MEMORANDUM OPINION & ORDER
KENNETH S. McHARGH, Magistrate Judge.
This case is before the Magistrate Judge pursuant to the consent of the parties. (Doc. 13). The issue before the undersigned is whether the final decision of the Commissioner of Social Security (the "Commissioner") denying Virginia Johnson's applications for a Period of Disability and Disability Insurance benefits under Title II of the Social Security Act, 42 U.S.C. §§ 416(i) and 423, and Supplemental Security Income benefits under Title XVI of the Social Security Act, 42 U.S.C. § 1381 et seq., is supported by substantial evidence and, therefore, conclusive.
For the reasons set forth below, the Court AFFIRMS the decision of the Commissioner.
I. INTRODUCTION & PROCEDURAL HISTORY
On March 17, 2009, Virginia Johnson ("Johnson") protectively applied for a Period of Disability and Disability Insurance benefits as well as Supplemental Security Income benefits. (Tr. 163-67, 168-74). Johnson alleged she became disabled on February 28, 2007, due to suffering from hearing problems, panic attacks, migraines, depression, post traumatic stress disorder ("PTSD") and neck problems. (Tr. 185-86). Johnson's Disability Insurance benefits expired on December 31, 2008. (Tr. 182).
The Social Security Administration denied Johnson's applications on initial review on July 24, 2009. (Tr. 117-19, 120-22). Her applications were also denied upon reconsideration on December 17, 2009. (Tr. 131-33, 134-36). Thereafter, Johnson requested a hearing before an administrative law judge to contest the denial of her applications. (Tr. 137-41). The administration granted Plaintiff's request and scheduled a hearing. (Tr. 142-57).
On January 12, 2011, Administrative Law Judge Hilton Miller (the "ALJ") convened a hearing to evaluate Plaintiff's applications. (Tr. 40-69). Johnson, represented by counsel, appeared and testified before the ALJ. ( Id. ). A vocational expert, Kevin Yee, also appeared and testified at the proceeding. ( Id. ).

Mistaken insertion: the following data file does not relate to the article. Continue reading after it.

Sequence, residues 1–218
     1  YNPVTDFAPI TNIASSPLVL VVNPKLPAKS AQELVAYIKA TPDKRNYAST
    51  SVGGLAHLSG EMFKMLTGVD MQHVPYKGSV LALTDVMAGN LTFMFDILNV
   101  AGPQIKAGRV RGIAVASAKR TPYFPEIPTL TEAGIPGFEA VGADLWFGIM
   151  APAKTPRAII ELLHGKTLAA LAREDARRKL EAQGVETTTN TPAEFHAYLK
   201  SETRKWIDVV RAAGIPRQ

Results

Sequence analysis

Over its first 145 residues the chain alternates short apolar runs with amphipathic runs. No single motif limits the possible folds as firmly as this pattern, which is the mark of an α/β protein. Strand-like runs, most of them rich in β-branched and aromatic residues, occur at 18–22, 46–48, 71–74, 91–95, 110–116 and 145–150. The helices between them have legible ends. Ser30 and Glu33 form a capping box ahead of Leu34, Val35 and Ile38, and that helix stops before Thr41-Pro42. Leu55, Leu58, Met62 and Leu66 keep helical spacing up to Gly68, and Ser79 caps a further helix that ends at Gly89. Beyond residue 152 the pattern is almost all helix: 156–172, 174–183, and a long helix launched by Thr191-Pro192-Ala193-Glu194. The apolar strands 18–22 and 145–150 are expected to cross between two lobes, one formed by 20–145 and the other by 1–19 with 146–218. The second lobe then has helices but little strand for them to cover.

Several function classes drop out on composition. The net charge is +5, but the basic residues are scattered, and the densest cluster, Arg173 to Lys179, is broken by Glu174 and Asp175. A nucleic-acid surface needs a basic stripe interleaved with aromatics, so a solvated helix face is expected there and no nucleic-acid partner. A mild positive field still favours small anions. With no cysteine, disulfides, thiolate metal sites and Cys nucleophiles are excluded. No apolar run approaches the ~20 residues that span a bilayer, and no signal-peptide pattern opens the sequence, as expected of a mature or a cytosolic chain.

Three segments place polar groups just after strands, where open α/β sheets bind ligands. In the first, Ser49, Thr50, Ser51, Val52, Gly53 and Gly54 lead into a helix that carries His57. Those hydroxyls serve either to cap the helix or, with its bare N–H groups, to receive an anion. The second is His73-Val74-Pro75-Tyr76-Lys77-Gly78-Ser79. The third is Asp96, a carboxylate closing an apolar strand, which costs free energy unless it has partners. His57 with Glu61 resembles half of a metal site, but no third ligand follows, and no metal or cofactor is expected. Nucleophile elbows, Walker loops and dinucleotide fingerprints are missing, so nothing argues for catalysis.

On January 20, 2011, the ALJ issued an unfavorable decision finding Johnson was not disabled. (Tr. 22-34). After applying the five-step sequential analysis,  the ALJ determined Johnson retained the ability to perform work existing in significant numbers in the national economy. ( Id. ). Subsequently, Johnson requested review of the ALJ's decision from the Appeals Council of the Office of Disability Adjudication and Review. (Tr. 17-18). However, the council denied Johnson's request making the ALJ's decision the final decision of the Commissioner. (Tr. 1-5).
Johnson passed away on May 26, 2011. Her husband, Daniel Johnson, seeks judicial review of the ALJ's decision on behalf of his late wife. Judicial review is proper pursuant to 42 U.S.C. § 405(g).
II. PERSONAL INFORMATION
Johnson, born on April 1, 1964, was 46 years old on the date of the hearing before the ALJ. (Tr. 44, 113). Accordingly, at all times, she was considered as a "younger person" for Social Security purposes. See 20 C.F.R. §§ 416.963(c), 404.1563(c). Johnson graduated from high school and completed one year of college, during which time she studied medical transcription. (Tr. 45). Johnson's past experience includes work as a medical transcriber and file clerk. (Tr. 60).
III. ALJ's DECISION
The ALJ made the following findings of fact and conclusions of law in his application of the five-step analysis:
1. The claimant meets the insured status requirements of the Social Security Act through December 31, 2008.
2. The claimant has not engaged in substantial gainful activity since February 28, 2007, the alleged onset date.
3. The claimant has the following severe impairments: degenerative disc disease, cervical myelopathy, and an affective disorder.
4. After careful consideration of the entire record, the undersigned finds that the claimant has the residual functional capacity to perform light work as defined in 20 CFR 404.1567(b) and 416.967(b) except the claimant can frequently balance, stoop, kneel, crouch, crawl, and climb ramps and stairs and can never climb ladders, ropes, and scaffolds. Additionally, the claimant is limited to simple, repetitive, and routine tasks in a static environment with low production quotas and minimal contact with the public and supervisors.
5. The claimant is unable to perform any past relevant work.
9. Considering the claimant's age, education, work experience, and residual functional capacity, there are jobs that exist in significant numbers in the ...